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‘Petty And Sad,’ Says Indian Comedian About The Simpsons’ Response to Apu Controversy

Hari Kondabolu

The response of The Simpsons’ makers to the conversation surrounding the character of Apu was “petty and sad,” Indian American comedian Hari Kondabolu, who has been at the forefront of the issue, said. It signaled “the downfall of a show I loved for so long,” Kondabolu, who first drew attention to the subject with his documentary The Problem with Apu, said to The Daily Beast on May 8.

Kondabolu went on to say that the decision to use Lisa, the most progressive character on The Simpsons, to dismiss the criticism surrounding Apu was a “punch to the gut.” Lisa Simpson, in the April 8 episode that addressed the controversy, had said in a fourth-wall-breaking moment to the audience: “Something that started decades ago and was applauded and inoffensive is now politically incorrect. What can you do?” The episode drew much criticism online.

“The punch to the gut was not to the Indian American part of me, oddly enough, it was to the Simpsons fan part. You just sacrificed Lisa? Lisa’s me, man,” Kondabolu said in the interview. “Lisa’s me and you’re telling me that Lisa would say that? As a Simpsons fan, they really had to go on a bit of a journey to justify that. They had to find some way for themselves to be like, ‘You know what? We’re just going to nip this in the bud by using this character to say something she would absolutely not say’.”

Saying that the “level of white fragility” displayed is “shocking, Kondabolu added: “Really? Some kid makes a movie on a cable network and you’re the biggest comedy of all time, and you get criticized really for the first time ever and you can’t handle it? We get made fun of three decades and I get this film out and you’ve been king for three decades and one criticism and you fold.”

Last month, The Simpsons finally acknowledged that the long-standing criticism that Apu, the heavily accented South Asian character voiced by Hank Azaria — a white actor — was little more than a caricature playing on racist stereotypes.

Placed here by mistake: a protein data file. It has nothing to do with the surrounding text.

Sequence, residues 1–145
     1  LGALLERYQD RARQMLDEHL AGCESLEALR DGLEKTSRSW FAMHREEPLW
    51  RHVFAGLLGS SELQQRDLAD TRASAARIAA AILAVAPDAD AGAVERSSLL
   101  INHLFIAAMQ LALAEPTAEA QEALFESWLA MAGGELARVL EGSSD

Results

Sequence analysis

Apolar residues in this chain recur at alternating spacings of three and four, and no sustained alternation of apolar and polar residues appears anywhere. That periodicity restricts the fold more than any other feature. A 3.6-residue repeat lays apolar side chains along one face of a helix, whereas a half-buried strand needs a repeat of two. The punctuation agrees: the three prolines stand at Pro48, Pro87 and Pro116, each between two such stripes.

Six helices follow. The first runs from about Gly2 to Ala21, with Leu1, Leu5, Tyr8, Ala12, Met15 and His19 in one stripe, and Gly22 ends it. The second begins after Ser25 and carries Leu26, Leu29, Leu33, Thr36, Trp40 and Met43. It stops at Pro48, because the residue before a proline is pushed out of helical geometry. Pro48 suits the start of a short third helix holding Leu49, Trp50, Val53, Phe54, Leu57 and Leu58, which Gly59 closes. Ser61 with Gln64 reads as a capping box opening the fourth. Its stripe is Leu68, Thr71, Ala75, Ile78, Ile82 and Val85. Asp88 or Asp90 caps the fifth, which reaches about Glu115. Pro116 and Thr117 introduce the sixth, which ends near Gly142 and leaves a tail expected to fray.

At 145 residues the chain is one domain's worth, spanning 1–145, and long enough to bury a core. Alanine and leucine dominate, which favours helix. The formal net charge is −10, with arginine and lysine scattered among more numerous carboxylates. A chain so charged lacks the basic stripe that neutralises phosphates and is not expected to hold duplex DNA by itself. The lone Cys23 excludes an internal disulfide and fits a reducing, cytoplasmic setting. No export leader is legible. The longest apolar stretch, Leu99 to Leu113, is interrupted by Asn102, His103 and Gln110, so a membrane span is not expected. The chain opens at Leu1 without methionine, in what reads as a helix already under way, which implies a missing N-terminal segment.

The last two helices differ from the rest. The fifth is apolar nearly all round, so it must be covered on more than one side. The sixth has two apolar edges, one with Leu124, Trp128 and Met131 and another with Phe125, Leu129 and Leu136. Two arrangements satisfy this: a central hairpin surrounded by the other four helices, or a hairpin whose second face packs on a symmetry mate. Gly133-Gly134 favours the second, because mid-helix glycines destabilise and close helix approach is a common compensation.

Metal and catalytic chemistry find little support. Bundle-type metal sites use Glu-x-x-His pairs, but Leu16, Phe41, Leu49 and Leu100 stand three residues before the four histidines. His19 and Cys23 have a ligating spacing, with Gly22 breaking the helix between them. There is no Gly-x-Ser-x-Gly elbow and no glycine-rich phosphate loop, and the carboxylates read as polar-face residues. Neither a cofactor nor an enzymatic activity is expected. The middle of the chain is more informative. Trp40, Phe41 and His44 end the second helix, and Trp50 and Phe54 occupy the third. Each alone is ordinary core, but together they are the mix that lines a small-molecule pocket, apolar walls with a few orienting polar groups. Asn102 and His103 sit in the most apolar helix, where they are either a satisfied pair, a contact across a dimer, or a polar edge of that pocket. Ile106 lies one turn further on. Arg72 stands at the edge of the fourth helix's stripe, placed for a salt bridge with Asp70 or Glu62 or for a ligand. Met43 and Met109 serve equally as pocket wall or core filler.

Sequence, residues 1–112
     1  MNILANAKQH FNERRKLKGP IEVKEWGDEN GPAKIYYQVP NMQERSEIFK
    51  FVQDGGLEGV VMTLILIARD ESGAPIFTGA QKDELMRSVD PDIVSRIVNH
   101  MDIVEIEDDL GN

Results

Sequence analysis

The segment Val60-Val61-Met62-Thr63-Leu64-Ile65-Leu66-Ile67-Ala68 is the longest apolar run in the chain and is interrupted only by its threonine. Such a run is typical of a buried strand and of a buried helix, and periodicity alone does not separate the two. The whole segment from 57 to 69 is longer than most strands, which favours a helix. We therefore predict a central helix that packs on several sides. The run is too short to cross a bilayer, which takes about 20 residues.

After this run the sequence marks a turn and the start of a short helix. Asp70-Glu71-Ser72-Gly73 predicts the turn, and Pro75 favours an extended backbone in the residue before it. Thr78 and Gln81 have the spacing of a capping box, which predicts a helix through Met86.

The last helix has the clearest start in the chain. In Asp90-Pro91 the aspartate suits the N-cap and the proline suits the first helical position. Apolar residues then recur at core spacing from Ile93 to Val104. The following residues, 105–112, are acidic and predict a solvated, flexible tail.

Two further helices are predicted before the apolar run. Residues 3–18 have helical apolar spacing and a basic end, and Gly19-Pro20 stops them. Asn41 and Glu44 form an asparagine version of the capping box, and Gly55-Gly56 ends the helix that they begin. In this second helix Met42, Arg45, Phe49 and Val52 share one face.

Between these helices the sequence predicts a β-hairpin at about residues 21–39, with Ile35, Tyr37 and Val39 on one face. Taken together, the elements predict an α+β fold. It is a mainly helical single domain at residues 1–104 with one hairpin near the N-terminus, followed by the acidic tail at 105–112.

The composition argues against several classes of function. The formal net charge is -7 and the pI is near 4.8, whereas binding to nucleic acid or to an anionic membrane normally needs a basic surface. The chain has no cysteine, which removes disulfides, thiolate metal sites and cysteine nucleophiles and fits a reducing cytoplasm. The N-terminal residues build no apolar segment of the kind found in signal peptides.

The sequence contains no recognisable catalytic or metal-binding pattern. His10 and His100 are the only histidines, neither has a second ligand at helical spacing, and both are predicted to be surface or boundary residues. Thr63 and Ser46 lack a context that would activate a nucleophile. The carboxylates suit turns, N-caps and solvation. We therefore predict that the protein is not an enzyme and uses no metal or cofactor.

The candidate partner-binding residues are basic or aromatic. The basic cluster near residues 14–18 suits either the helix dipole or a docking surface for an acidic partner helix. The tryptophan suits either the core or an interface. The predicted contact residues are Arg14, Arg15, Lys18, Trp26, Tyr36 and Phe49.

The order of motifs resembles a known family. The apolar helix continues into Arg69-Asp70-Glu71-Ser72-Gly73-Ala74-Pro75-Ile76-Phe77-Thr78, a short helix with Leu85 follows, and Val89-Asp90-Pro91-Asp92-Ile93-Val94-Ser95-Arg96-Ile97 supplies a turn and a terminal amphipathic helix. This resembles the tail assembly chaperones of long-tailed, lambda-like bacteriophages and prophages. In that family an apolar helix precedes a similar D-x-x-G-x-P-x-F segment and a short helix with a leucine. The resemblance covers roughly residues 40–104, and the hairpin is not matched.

After the episode was aired, the show’s creator Matt Groening affirmed the episode’s sentiment. “I’m proud of what we do on the show. And I think it’s a time in our culture where people love to pretend they’re offended,” Groening told USA Today.

“When we first started, we were part of the downfall of civilization,” he said in the interview. “Bart said he was ‘an underachiever and proud of it, man’.”

He then refused to discuss the issue further with the publication, saying, “We’ll let the show speak for itself.”

Kondabolu had tweeted his response to the interview.

He told The Daily Beast that Groening’s response “confused” him. “It was really confusing, because I had read all these great things about Matt Groening, that he would keep notes in the margins of scripts like, ‘That’s mean-spirited, that’s not what the show is about, we’re not doing that. We’re not making fun of people that way’,” Kondabolu said. “It’s a response that made me think he didn’t see the film. The Simpsons’ writers’ response is a response of people who didn’t see the film.”

Hank Azaria, the actor voicing the character, however said on The Late Show with Stephen Colbert: “The idea that anybody, young or old, past or present was bullied or teased based on the character of Apu, it just really makes me sad.” Azaria also expressed his willingness to step aside from the character.

While Kondabolu appreciated Azaria’s response, he said it’s “probably too late” to get a different voice for the character.

“I don’t think you do a different voice, what’s the point? The show is 29 years old. What good does that do? The thing that would benefit all parties would be for the show to be more creative,” he told the Daily Beast.

Meanwhile, Indian American producer-actor Adi Shankar has launched a screenwriting competition that asks people to submit scripts around Apu in a way that “subverts him, pivots him, intelligently writes him out, or evolves him in a way that takes a mean spirited mockery and transforms him into a kernel of truth wrapped in funny insight aka actual satire.”

Shankar plans to take the winner to Fox and The Simpsons writing room in a bid to make the winning script an actual episode on the show, the Verge reported.